When the Royals attached Joakim Soria and his $9M salary in 2018 to Scott Alexander in a trade this past offseason, there were plenty of people that were upset with the decision. Why on earth would you hamper the return on your most valuable young reliever by adding in a bad contract to him? The Royals are rebuilding they need to maximize as much value as possible if they’re going to trade controllable assets.
All of these things are true. Attaching Soria’s contract to Scott Alexander was a straight salary dump that made it impossible for KC to maximize the return on Scott Alexander. While it assures us that the Royals can probably never get a perfect 10/10 grade on this trade, it could still wind up being a very good one, thanks to Trevor Oaks.
Trevor Oaks is an interesting prospect. He’s not over powering. His fastball sits in 89-92 range and doesn’t induce many strike outs. Yet, he’s found a way to be incredibly effective nonetheless. Through 70.1 IP (12 starts) in AAA Omaha this season, Oaks has posted an ERA of 2.05, good for 2nd in the PCL, which is typically a very hitter-friendly league. He’s not striking many batters out (5.25/9), he’s walking a few too many (3.07/9), but he’s allowed merely one home run all season and is inducing ground balls at a rate of 51.9%, tied for 5th in the PCL.
Oaks, while not having an overpowering arsenal, certainly has an interesting one. I was at his Major League Debut on 4/28 against the White Sox, and he was filthy for the first few innings. He was so filthy in fact, that MLB’s Pitch f/X algorithms couldn’t even figure out what he was throwing. The scoreboard would consistently read “SLIDER” after Oaks would throw an 89 mph sinker. I don’t know much about a lot, but I know for fact that Trevor Oaks doesn’t throw an 89 mph slider that breaks down and in to a RHH.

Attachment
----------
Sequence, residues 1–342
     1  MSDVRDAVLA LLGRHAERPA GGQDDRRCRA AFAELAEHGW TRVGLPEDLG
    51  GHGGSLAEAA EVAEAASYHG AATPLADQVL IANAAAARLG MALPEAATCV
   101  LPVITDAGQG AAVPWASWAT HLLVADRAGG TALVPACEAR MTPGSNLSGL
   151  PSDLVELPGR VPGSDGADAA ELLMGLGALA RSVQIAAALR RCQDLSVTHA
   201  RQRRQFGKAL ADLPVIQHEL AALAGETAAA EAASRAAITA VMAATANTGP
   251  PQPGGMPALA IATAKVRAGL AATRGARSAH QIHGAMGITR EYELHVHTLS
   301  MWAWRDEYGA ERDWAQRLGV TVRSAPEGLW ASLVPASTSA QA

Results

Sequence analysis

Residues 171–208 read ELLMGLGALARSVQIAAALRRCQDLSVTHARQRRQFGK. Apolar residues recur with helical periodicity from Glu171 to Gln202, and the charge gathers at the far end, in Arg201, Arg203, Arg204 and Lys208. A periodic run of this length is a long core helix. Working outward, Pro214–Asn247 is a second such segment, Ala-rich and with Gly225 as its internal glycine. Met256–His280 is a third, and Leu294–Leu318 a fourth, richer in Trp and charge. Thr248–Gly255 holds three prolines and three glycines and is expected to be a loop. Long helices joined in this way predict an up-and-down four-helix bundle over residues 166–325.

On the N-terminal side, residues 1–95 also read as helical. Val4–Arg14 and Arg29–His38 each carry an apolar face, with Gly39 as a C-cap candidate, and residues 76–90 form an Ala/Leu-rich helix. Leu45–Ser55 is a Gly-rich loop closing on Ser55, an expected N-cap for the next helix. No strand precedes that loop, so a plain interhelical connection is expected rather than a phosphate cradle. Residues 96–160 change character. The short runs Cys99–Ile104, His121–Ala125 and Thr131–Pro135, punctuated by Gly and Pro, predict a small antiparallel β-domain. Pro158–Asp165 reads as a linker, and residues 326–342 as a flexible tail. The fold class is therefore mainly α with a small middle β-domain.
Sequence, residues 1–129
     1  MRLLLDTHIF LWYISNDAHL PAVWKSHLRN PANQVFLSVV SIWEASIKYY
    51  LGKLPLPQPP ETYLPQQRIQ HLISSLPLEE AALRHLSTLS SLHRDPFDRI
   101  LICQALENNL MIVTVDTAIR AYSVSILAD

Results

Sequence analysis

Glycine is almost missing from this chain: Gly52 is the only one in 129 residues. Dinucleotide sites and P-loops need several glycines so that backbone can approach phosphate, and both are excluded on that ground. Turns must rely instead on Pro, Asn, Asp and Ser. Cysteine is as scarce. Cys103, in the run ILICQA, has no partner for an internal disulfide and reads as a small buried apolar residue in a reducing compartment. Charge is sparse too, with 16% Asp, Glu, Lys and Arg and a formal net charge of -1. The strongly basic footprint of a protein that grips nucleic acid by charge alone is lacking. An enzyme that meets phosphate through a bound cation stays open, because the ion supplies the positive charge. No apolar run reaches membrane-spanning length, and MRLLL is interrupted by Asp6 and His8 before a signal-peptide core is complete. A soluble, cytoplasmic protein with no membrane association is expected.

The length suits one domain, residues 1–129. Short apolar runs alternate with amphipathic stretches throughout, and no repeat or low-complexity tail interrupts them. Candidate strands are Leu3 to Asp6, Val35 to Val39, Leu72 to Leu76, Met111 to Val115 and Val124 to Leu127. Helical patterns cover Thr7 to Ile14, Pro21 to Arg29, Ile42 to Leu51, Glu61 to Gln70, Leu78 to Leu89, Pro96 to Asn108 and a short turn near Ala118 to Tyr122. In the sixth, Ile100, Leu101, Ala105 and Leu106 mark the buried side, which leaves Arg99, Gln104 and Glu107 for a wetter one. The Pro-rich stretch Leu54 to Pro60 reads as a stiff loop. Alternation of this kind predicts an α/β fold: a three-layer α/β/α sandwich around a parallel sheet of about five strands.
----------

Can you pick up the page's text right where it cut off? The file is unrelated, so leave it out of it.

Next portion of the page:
Along with having the 2nd best ERA (among qualified pitchers) in the PCL, here’s some other impressive feats from Oaks this season:
- .223 BAA, 2nd in the PCL
- .262 BABIP, 2nd in the PCL
- 79.4% LOB%, 6th in the PCL
- 1.15 WHIP, 4th in the PCL
- 0.13 HR/9, 2nd in the PCL
- 1.58 GB/FB, 12th in the PCL
- 15.2% LD%, 4th in the PCL
He’s been really, really good. He’s allowing a lot of contact, but he is allowing hardly any of it to be hard contact. Lot’s of ground balls, very few line drives. This is a formula for success that Oaks has begun to master at the age of 25. It’s not one that will be easily repeated in the major leagues, though I don’t expect him to go out and put up a 2.05 ERA in the bigs either.
Oaks has a filthy sinker/slider combination, despite a lack of impressive velocity. He controls the ball fairly well and has a great feel for the game on the mound. He’s in Omaha for now, but I am currently on a “move Jason Hammel to the bullpen” train and would like to see Oaks in the big league rotation sooner rather than later. He’s rolling in Omaha, and helping to reconcile that Scott Alexander trade every time he toes the rubber.
Photo Credits: Getty Images